Could the CO-Experts Low Level Monitor be too sensitive?

Hello Mr. Kerr,
I have read quite a bit if information you provided on your web page and I am yet undecided.  What protection from unnecessary low level signals does your product provide?  In addition, it seems to me that a low level CO detector might be a problem in an urban area where ambient CO levels may be in the 3 to 5 ppm range.  What do you think and why?
I want to protect my clients without causing some type of Chicago Effect in our county.  I am also charged with spending my program funds in a strategic manor.


Thank You, for both your interest in my Low Level C  O “Health” Monitor, and your excellent questions & concerns.
I carefully considered these same factors during the development of my Monitor.
First, I want to point out that the “Primary Cause” of the Excessive “False Alarms” experienced during the “Chicago Fiasco” were NOT due to Low Level of C O , they were because of a combination of a Long Period [almost 3 days] of 90% Plus Humidity due to Rain, Fog, Slightly above Freezing temperatures, resulting in a “Temperature Inversion” … and ESPECIALLY the use of the WRONG Type of Sensors and the use of Alarm “Time Delays”, … instead of “Time Weighted Averaging” as “Recommended & Implied” [but Not mandated due to a “Loop Hole”] in the UL-2034 Standard, 1992 Version that was then in use.
Also, VERY Importantly, the C O “Detectors” of those years Did NOT have Alarm “Reset” Buttons. [Please see the “Be Aware & Chicago Story” Sites on my Website.]
To AVOID any such Problems, my Monitor has the following Features.
1. I use the Best Industrial Type Electrochemical Sensor, which is the same Sensor that is used in Bacharach & Testo C O Testing Products. This Sensor is Not “Cross-Sensitive” to all of the various fumes & gases, or effected by Humidity Changes, as were ALL of the 1992 to 1998 UL-2034 Listed products.  Also, this type Sensor is Extremely Accurate, especially when used in conjunction with a 12 Bit, Micro-Controller, like the more expensive one that I use in my Monitor.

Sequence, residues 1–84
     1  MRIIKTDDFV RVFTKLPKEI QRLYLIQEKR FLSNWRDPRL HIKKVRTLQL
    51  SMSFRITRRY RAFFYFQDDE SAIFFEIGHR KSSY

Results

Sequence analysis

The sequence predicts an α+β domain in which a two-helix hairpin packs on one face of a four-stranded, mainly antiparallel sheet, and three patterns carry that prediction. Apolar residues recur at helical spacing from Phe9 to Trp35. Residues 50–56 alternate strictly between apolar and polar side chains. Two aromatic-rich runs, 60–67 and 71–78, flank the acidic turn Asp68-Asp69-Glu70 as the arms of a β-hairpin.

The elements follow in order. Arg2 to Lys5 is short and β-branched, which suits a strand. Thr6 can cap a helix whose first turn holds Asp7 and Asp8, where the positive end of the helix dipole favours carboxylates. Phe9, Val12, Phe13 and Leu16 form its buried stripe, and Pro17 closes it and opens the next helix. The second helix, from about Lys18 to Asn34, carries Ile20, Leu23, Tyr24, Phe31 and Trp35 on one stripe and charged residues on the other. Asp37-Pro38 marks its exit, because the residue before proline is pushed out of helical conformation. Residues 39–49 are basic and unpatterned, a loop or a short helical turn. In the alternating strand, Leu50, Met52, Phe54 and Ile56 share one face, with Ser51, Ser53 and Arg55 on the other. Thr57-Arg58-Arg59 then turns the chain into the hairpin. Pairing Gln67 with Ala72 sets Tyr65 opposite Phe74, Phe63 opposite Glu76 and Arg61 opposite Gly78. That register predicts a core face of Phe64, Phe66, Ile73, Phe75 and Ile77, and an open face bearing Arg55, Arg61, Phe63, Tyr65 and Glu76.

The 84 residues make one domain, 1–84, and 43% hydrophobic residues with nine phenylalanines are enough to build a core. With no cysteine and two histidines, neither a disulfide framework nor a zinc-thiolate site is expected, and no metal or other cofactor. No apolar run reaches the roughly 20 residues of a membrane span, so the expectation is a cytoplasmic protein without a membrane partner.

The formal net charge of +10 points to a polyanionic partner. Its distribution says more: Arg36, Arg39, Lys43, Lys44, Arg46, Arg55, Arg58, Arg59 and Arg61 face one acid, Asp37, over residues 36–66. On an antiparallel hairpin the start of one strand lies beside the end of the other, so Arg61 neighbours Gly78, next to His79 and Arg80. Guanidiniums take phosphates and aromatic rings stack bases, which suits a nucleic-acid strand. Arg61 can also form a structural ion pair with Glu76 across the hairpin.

2. My Monitor provides not only a “Reset” Button, but also a Multi-Level “HUSH” Feature with automatic “Life-Safety” Over-ride Protection Features, as follows:
1. There is NO Audible Alarm below 10 PPM.
2. If my Monitor alarms at a “C O Present” Level between 10 PPM & 25 PPM,  by simply depressing the “Test / HUSH” button for 3 or 4 seconds, the alarm signal will be “HUSHED” for 12 Hours, to provide ample time to open doors or windows to ventilate, and / or contact your HVAC Contractor. If however, during this 12 hour “Hush” Period, the C O Level continues to rise, if it reaches 25 PPM, the Monitor Automatically “OVER-RIDES” the “Hush”, and re-alarms at the more Intense 25 PPM Level.
3. Between 25 & 50 PPM, the “HUSH” is for 60 minutes
4. Between 50 & 70 PPM, the “HUSH” is for  6 minutes.
5. At 70 PPM “HUSH” is only 4 minutes; however, IF this ever happens, the occupant should EXIT AT ONCE.
The Warning Levels were selected to provide “Legal Protection” for the Contractor; as well as the Consumer Safety, because the “Trial Lawyers” use the C O “Action Levels” in their Lawsuits:

1. ASHRAE: … If the C O Level “Inside” the house, Exceeds the Ambient C O Level “Outside” the house by OVER 9 PPM, it INDICATES a Problem that NEEDS to be Corrected. [ Over 9 PPM, ….. means …. 10 PPM.

2. ACGIH … 25 PPM, … for one hour, … EXIT.

3. OHSA … 50 PPM

4. UL-2034 – ’98 & CSA-6.19 – ’99 & ’01, … 70 PPM,  after one hour, … up to 4 hours. [240 minutes].

Please feel free to call me at 1-800-643-5377, or E-mail me with any questions you have.

Best Regards, …………………. George



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